As usual, terrific article. When Ta-nehisi describes the indescribable joy of having so much black excellence around, taking over the very highly symbolic White House (built by slaves if you didn’t know), it’s… It’s something very strong man. Like something that will never not make me weep a bit.
As beautiful as it is though, some things need to happen for a better world. Things that need to happen to a whole lot of people, not just one amazing family.
the president accomplished major feats. He remade the nation’s health-care system. He revitalized a Justice Department that vigorously investigated police brutality and discrimination, and he began dismantling the private-prison system for federal inmates. Obama nominated the first Latina justice to the Supreme Court, gave presidential support to marriage equality, and ended the U.S. military’s Don’t Ask, Don’t Tell policy, thus honoring the civil-rights tradition that had inspired him.
Actual, real world for most people out there:
– health-care? Still absolute trash and about to get worse.
– justice? Where?
– prisons? Nothing has really changed at all. Probably about to get worse too.
– Sonia Maria Sotomayor as Associate Justice of the Supreme Court of the United States? Great.
– marriage equality thumbs up? Great.
– military reforms? Sort of, great.
Those points don’t achieve shit for 99% of people. Nothing has changed because economic rules have not changed one bit. Banks can still do whatever the fuck they want, bailed out by governments. Companies get the fuck away from workers, automating as fast as possible and we love it as customers. Redlining and gentrification are happening, displacing people. Reparations –that have been scrutinized by the UN and validated- are not on the table of discussions and even just writing it down feels like an achievement to myself. Taboo af.
Nothing has changed. Besides one thing: black people are doing better than ever. So that’s annoying.
That’s where with all the optimism Barack Obama brings in and that I understand very well –like him, I by default trust white people- I share Ta-nehisi Coates pessimism on the future.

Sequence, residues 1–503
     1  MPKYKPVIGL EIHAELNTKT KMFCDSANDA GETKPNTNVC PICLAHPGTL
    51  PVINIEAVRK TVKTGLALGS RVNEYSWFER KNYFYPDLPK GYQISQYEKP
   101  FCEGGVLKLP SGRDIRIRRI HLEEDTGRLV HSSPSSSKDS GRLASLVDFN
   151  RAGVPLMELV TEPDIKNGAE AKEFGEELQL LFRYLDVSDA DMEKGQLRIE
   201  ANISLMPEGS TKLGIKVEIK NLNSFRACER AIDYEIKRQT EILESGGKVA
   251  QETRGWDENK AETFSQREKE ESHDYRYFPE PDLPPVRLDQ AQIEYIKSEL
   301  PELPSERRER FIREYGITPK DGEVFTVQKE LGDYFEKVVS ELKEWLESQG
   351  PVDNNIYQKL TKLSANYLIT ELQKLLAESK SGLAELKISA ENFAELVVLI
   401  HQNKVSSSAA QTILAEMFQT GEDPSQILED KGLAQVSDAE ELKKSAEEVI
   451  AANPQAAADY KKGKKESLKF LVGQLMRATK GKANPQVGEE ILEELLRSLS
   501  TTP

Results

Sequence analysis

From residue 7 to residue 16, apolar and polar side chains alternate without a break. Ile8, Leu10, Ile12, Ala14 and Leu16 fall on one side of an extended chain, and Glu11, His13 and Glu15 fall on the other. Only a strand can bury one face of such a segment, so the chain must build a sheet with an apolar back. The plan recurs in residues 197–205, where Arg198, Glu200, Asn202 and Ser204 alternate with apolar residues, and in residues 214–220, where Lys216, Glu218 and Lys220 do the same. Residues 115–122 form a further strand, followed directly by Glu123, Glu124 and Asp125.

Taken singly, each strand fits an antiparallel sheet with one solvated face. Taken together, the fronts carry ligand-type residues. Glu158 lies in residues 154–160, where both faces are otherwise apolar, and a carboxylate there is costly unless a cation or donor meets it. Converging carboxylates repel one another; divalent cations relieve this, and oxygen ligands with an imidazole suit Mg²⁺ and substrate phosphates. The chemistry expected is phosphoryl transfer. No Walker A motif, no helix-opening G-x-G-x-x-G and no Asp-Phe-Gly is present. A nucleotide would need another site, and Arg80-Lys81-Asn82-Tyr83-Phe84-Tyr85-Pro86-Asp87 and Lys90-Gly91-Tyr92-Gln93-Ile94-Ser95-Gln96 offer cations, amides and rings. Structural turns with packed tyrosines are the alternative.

Because I know what’s happening: people are reaching for cover. When you reach for cover, you side with people who look like you, it’s probably some reptilian habits and some lack of courage/good ol’ fear. Many white people will side with powerful racists not because they want it but because ultimately it profits them. Survival requires as we know, to do whatever it takes. Asians don’t side with black people as minorities for those reasons, they don’t want to upset their better relationship with white people. They stay neutral (though it’s changing, which is good). Same with Mexicans (25% of y’all voted Trump, let that sink in).
It’s a trip.
The article wonders about what it’s like to be a black man growing up like Barack or Ta-nehisi. I grew up like both in the way that I was surrounded by white people like Barack but I was in a working class and upper middle class setting like Ta-nehisi. What I got from that is that if you look at yourself in the mirror and see a black person, you are black now and forever. It’s simple, not easy. Your environment will shape a lot of your style –that is, I definitely stand out as “different” in a sea of black folks- but you’ll always be black. You will lean black even if it’s only from time to time. Black things and black culture will titillate your senses in ways other things will not. Sometimes it will annoy you sometimes you will embrace it fully.
I guess it’s the same for all cultures and people like me who grew up in a non-traditional culture.
Anyway next time I’ll write about my solutions to all that.